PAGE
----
He was the first to discover uranium, zirconium and titanium, and to characterize them as distinct elements, though he did not obtain any of them in the pure metallic state; and he elucidated the composition of numerous substances till then imperfectly known, including compounds of the then newly recognized elements: tellurium, strontium, cerium and chromium.
The so-called alkaline earth-metals are the elements beryllium, magnesium, calcium, strontium and barium.
The metals comprising this group are never found in the uncombined condition, but occur most often in the form of carbonates and sulphates; they form oxides of the type RO, and in the case of calcium, strontium and barium, of the type R02.
Beryllium and magnesium are permanent in dry air; calcium, strontium and barium, however, oxidize rapidly on exposure.
The mineral is usually found in a state of considerable chemical purity, though small amounts of strontium and calcium sulphates may isomorphously replace the barium sulphate: ammonium sulphate is also sometimes present, whilst clay, silica, bituminous matter, &c., may be enclosed as impurities.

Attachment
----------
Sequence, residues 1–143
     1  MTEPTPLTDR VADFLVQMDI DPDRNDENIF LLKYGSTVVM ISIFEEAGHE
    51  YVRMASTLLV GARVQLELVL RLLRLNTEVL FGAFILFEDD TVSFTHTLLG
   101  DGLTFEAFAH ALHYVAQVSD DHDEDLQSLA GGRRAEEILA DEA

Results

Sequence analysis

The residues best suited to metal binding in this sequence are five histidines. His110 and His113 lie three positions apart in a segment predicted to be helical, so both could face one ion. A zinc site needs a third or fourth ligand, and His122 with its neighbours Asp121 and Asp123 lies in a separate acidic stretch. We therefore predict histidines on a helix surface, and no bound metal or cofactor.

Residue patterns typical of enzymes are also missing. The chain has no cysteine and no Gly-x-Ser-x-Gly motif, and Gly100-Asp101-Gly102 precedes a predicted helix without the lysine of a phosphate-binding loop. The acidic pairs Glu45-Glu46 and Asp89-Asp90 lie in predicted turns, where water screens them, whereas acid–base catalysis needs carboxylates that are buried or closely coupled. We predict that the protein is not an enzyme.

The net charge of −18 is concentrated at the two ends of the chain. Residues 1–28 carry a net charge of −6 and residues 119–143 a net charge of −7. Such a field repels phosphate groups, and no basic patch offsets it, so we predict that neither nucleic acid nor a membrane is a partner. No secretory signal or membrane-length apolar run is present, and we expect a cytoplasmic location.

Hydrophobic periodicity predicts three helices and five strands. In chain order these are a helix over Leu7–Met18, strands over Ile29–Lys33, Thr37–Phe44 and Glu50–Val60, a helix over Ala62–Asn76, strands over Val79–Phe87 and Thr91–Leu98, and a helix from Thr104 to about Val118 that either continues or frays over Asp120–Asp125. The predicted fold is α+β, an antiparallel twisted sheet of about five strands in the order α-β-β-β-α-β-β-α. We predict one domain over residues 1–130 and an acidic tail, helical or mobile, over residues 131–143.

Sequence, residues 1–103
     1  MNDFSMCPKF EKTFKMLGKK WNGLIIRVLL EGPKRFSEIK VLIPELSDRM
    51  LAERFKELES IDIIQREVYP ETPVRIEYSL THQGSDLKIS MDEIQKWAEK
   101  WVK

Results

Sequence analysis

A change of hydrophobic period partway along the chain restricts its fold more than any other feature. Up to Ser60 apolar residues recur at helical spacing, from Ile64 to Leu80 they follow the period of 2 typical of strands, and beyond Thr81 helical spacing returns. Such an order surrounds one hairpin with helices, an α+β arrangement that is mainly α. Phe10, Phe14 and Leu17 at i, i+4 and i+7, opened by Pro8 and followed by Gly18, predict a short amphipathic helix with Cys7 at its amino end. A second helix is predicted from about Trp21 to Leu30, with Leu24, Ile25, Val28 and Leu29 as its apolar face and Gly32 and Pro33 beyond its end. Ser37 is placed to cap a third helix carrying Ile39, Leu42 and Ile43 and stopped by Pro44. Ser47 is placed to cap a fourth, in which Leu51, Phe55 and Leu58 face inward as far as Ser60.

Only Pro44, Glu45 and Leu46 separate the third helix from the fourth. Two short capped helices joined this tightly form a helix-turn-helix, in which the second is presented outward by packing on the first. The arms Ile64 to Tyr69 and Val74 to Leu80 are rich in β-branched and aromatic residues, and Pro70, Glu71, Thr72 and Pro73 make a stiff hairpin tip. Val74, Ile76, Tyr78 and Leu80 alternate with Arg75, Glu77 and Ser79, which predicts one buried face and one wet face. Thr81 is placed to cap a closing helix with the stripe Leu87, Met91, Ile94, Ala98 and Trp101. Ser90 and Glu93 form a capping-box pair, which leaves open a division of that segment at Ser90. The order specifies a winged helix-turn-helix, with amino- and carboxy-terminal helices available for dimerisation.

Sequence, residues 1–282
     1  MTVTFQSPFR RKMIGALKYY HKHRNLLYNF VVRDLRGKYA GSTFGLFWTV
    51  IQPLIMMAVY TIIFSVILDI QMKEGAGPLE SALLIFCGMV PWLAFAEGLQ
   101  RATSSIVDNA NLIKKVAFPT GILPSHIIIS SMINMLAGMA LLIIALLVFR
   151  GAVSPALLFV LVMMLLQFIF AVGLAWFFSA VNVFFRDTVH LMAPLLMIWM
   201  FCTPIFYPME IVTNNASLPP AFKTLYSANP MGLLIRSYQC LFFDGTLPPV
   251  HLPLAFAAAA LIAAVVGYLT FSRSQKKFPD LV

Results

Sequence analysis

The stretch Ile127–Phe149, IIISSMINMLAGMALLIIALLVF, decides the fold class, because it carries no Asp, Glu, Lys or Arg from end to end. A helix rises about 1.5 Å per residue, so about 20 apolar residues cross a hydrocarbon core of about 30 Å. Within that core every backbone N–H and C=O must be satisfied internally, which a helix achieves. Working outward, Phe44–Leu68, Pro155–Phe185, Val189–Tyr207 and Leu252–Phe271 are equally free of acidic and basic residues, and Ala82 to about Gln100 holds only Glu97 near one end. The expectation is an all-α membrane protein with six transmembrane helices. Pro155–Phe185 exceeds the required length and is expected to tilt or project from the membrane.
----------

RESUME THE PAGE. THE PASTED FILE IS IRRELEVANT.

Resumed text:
Crystals of barytes are orthorhombic and isomorphous with the strontium and lead sulphates (celestite and anglesite); they are usually very perfectly developed and present great variety of form.
In 1808 Davy isolated sodium and potassium; he then turned his attention to the preparation of metallic calcium, barium, strontium and magnesium.
Ammonium carbonate is added to the filtrate; this precipitates calcium, strontium and barium.
The next group may contain the white calcium, barium and strontium carbonates.
The solution free from barium is treated with ammonia and ammonium sulphate, which precipitates strontium, and the calcium in the solution may be identified by the white precipitate with ammonium oxalate.